Taste the difference This pandemic could be the making of the big four supermarkets
A combination of good fortune and adept manoeuvring have allowed the major supermarkets to thrive in the coronavirus crisis ‘There has been an online grocery revolution during lockdown’
It may seem in bad taste to talk about the winners from the crisis when the death toll is still rising, and thousands of people are being laid off every day, but it is an uncomfortable fact that some companies will emerge stronger from this. The big supermarkets are obvious contenders, having come tantalisingly close to bolstering both their reputations and business models after being thrust on to the Covid-19 front line.
Sadly, a spate of old-fashioned boardroom greed threatens to damage much of the goodwill that had been built up by ensuring the nation didn’t starve and people could still go to the lavatory in a dignified manner.
Still, thanks to a combination of good fortune and adept manoeuvring, the grocers have sailed through lockdown on the trading front, posting bumper sales and beefing up operations both in store and online to keep up with demand.
After steadily surrendering market share over the last decade, the Big Four supermarkets are finally fighting back. Sainsbury’s says it has been winning back customers, not only from Aldi and Lidl, but also chief rivals Tesco, Asda and Morrisons. Sales have jumped 8.5pc over the last four months. Grocery sales were up 10.5pc and non-food jumped 7.2pc.
So much for the claims of former boss Mike Coupe, who insisted that a mega-merger with Asda was the only way to compete with the spectacular growth of the discount kings. Tesco has taken the fight right to Aldi with its price match initiative and is also winning back customers on a scale not seen for a decade.
There has been an online grocery revolution during lockdown. The established names have always been woefully reticent about digital investment, grumbling that it is impossible to make money with deliveries. But the crisis has forced their hand. Internet orders at Sainsbury’s surged from 370,000 a week in March to 650,000 June. Half of all those customers are new ones.
It is a similar story at Tesco. The much-derided store-picking model of the established players has gone from supposed Achilles’ heel to a major strength as they have been able to quickly ramp up capacity.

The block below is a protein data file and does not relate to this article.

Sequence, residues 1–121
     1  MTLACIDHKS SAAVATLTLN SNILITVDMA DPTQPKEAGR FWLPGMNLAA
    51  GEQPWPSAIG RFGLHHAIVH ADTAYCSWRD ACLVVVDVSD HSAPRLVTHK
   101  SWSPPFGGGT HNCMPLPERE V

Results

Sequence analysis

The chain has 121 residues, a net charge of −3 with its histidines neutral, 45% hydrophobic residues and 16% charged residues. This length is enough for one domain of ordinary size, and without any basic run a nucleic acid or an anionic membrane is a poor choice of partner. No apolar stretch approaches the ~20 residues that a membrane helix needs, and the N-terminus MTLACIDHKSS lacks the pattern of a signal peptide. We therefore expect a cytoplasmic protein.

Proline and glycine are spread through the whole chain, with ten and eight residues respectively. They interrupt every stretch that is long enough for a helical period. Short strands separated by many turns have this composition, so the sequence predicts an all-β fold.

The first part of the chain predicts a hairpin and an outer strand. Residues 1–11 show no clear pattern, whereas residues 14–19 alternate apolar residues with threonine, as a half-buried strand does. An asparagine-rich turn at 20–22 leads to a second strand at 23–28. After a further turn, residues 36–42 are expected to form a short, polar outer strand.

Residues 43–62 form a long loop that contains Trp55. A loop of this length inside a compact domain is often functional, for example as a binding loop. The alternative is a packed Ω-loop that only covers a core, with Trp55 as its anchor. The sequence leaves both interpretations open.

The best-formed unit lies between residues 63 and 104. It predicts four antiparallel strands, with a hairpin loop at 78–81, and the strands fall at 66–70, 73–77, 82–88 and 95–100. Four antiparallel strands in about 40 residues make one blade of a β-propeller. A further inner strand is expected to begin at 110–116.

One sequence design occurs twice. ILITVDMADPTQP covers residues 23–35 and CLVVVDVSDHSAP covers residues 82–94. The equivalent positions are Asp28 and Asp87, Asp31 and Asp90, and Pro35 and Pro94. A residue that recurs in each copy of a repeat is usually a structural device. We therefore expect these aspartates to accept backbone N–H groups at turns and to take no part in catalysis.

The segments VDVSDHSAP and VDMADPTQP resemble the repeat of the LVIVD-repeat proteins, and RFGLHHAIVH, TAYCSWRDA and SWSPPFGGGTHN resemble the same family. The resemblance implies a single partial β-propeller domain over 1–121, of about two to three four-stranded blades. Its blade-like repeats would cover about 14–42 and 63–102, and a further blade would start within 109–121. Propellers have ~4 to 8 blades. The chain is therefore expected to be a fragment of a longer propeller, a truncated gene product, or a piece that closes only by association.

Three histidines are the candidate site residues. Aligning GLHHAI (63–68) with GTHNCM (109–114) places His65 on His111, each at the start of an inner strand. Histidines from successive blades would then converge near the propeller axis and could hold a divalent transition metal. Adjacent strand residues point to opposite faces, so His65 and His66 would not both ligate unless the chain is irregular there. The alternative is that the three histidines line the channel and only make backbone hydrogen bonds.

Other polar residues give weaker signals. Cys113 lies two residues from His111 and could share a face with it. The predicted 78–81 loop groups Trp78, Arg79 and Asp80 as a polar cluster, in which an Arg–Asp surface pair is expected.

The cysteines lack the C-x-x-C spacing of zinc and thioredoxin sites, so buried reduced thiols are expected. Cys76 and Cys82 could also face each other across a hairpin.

Ironically, digital pioneer Ocado has been held back by a reliance on giant warehouses manned by expensive robots, leading to long waits for slots. Founder Tim Steiner has remained steadfast in his belief that there would always be demand for online groceries. Now, his problem is fulfilling it.
Even Argos has spluttered back to life, a sure sign that we are living in unique times. The takeover of the chain, with its non-food offering and logistics capabilities, was meant to be transformative for Sainsbury’s but it has been a disappointing flop. Yet, sales leapt nearly 11pc during the quarter. At this rate, the dividend could make a quick return.
It may be a stretch to say the pandemic could be the making of the supermarkets. The boom may even prove to be short lived but for the first time in years there is plenty for them to cheer. And at the very least it’s a helpful distraction from all those uncomfortable bonus rows.
Food to go has gone
From hero to zero, coronavirus has turned reputations upside down in a heartbeat, and no more so than at SSP, the terrible corporate name behind such esteemed airport and train station eateries as Upper Crust and Ritazza.
A £300m fundraising at the end of March was supposed to steady the ship but it hasn’t stopped SSP from announcing 5,000 job cuts, more than half its 9,000-strong workforce.
The “food to go” market has evaporated. The real question is will it return? The high street will experience something of a resurgence but airports and train stations are likely to remain at a fraction of their capacity for the foreseeable future. The major airlines are predicting a downturn lasting anywhere between three and five years.
WH Smith is the obvious other big casualty but even the likes of Pret a Manger and Greggs must be worried, having targeted travel hotspots too. The major supermarkets on the other hand will be rubbing their hands with glee at an opportunity to sell more takeaway food to the masses.
The smart move would be to quickly build as many hot counters in express and convenience stores as possible. Sandwiches and salads could even become a loss leader like milk and bread to woo customers. Maybe the daily shop could trigger the revival of the weekly shop. Not at Lidl or Aldi though. No one goes there for a sandwich.
V-shaped or pear-shaped?
Has some of the Prime Minister’s ebullience rubbed off on Andy Haldane? The Bank of England’s chief economist has been talking up the prospects of V-shaped economic recovery.
But how does that square with the thousands of lay-offs taking place every day and the gloomiest jobs outlook for 30 years? Answer: it doesn’t.